Following South Carolina’s secession from the Union, Mississippi seceded on January 9, 1861. Fervor about the impending war grew, with most thinking it would be little more than a skirmish that would last no more than ninety days. (If only they had been right.) Young men across the South gathered in preparation and formed militia-type military units. Once Ft. Sumter was fired upon in April, newly-elected President Abraham Lincoln called for 75,000 volunteers to serve as “the militia of the several States of the Union…in order to suppress said combinations, and to cause the laws to be duly executed.” His actions only spurned more aggression, and Southerners felt they were left with no choice but to retaliate.
On May 4, 1861, male students attending the University of Mississippi (Ole Miss), as well as many professors, joined the fight. Known as the University Greys, 135 young men enlisted in the Confederate Army as Company A of the 11th Mississippi Infantry Regiment. This was nearly all of the student body. In fact, only four students showed up for class the following fall, so the University closed for a time.
The University Greys fought in nearly every engagement of the Civil War, and participated in Pickett’s Charge at Gettysburg, where they sustained a 100% casualty rate, in that everyone was either killed or wounded. Following Gettysburg, what was left of the University Grays merged with Company G, the Lamar Rifles, and fought until the end of the war.
A special cemetery was set aside on campus for the fallen University Greys. Each grave was designated by a wooden marker. However, according to local legend, one day, a groundskeeper decided it would be easier to mow the grass if he removed all the markers. Unfortunately, once he was done with his chore, he couldn’t remember where the markers were supposed to go, so he stored them in a shed, where they were kept for years.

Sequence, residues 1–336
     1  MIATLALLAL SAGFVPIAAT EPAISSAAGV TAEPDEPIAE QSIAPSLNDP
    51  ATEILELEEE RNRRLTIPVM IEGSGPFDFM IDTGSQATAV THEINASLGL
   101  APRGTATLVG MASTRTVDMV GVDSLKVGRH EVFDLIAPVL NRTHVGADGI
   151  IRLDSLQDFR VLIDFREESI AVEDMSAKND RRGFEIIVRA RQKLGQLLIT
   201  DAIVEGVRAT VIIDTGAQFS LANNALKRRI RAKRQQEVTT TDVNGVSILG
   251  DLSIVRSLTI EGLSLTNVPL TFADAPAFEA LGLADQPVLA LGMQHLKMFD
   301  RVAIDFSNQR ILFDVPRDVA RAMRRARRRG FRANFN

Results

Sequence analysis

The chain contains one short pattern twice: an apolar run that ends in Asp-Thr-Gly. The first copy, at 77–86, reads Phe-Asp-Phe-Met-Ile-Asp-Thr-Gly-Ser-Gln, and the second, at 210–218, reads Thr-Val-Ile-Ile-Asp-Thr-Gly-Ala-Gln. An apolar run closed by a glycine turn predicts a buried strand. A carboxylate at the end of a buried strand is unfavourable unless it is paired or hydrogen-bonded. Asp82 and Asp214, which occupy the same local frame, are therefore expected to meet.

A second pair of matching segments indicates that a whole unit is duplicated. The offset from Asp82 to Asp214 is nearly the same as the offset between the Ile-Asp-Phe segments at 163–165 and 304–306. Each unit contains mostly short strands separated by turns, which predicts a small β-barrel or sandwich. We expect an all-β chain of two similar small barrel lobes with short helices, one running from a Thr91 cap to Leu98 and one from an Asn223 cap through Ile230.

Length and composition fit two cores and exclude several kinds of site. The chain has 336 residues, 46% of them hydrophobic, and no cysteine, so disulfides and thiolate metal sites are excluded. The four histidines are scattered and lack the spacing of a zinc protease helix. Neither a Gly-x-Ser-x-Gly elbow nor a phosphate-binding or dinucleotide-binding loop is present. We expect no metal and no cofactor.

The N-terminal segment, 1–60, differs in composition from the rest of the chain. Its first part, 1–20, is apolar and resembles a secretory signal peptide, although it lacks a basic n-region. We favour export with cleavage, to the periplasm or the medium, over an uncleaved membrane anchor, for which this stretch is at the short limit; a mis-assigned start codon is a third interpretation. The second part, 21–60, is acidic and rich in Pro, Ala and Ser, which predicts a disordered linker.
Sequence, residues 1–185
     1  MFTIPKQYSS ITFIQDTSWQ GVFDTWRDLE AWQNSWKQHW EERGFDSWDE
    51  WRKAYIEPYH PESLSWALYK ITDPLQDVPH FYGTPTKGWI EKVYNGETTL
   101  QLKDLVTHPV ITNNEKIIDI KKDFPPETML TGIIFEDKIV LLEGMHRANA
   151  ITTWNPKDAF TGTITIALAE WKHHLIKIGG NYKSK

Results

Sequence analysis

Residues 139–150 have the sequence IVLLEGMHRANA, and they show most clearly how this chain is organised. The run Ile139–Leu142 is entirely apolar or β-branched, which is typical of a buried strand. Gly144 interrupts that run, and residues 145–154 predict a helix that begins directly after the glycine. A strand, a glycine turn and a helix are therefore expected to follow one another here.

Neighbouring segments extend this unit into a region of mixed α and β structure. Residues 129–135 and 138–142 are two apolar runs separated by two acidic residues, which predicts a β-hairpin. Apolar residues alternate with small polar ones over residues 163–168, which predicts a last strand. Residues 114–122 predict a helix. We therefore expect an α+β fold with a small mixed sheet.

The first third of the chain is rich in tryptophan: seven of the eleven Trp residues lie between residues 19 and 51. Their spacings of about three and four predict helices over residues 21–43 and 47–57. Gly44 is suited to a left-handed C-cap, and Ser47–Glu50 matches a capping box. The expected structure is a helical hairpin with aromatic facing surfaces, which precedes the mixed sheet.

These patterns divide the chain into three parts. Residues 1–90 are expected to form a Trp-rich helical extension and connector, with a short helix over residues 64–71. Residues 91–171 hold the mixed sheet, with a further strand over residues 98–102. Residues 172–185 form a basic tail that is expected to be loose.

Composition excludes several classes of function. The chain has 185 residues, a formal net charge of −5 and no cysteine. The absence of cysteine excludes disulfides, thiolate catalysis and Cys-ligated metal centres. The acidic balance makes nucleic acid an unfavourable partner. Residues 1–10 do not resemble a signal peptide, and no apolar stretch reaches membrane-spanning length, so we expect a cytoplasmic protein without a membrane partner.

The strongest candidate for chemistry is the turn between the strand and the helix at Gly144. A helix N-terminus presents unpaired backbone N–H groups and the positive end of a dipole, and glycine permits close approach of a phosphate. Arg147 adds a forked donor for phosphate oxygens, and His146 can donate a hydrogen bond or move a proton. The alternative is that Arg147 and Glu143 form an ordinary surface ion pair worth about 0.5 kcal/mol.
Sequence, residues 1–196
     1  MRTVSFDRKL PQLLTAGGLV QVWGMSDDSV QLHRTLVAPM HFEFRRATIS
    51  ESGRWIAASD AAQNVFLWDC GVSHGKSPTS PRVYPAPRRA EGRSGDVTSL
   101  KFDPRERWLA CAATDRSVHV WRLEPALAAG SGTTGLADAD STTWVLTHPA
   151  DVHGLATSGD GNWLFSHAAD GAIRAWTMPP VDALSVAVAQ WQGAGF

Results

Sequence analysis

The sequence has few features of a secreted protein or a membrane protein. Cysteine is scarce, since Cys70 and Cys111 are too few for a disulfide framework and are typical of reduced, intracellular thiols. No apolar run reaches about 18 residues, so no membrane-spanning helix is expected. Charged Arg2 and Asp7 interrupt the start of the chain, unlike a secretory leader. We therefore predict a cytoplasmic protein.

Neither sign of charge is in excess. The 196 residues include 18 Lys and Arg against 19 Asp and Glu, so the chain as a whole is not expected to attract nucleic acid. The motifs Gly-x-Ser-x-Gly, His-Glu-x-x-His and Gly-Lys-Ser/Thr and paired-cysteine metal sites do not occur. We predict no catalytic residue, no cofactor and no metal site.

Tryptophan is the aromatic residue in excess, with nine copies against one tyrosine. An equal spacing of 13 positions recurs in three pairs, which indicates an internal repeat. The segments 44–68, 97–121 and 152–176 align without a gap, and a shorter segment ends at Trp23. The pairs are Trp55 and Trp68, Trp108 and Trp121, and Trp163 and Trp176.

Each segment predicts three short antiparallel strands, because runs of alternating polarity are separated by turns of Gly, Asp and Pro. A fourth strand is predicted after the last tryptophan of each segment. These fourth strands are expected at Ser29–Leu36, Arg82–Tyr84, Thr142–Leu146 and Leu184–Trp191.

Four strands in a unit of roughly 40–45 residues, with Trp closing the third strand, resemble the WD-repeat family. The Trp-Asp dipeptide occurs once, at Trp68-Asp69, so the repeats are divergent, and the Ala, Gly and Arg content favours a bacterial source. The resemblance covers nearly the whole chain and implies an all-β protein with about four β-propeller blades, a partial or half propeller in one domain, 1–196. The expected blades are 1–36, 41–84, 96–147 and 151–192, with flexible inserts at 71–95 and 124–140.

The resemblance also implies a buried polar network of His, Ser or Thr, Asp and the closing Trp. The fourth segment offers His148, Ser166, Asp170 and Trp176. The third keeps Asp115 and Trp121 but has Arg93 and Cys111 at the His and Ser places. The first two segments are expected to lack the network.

Although no one knows exactly where each soldier is buried, a large monument designates the sacred area and speaks of the sacrifices these admirable young men suffered. Every May, members of the Sons of Confederate Veterans and other historical groups gather to pay their respects for the University Greys by holding a special service in honor of them.
It’s a shame Ole Miss is consistent in forgetting how its students fought for what they deemed a worthy cause at the time. In recent years, the university has done away with its mascot, Colonel Reb, and has refused to fly the state flag. They have discussed removal of statues on campus as well as changing various street names honoring their brave warriors. Political correctness has taken precedence over historical remembrance. I certainly hope Ole Miss retains some of its amazing artwork, instead of caving in to political correctness and to those who wrongly deem all Confederate images as racist.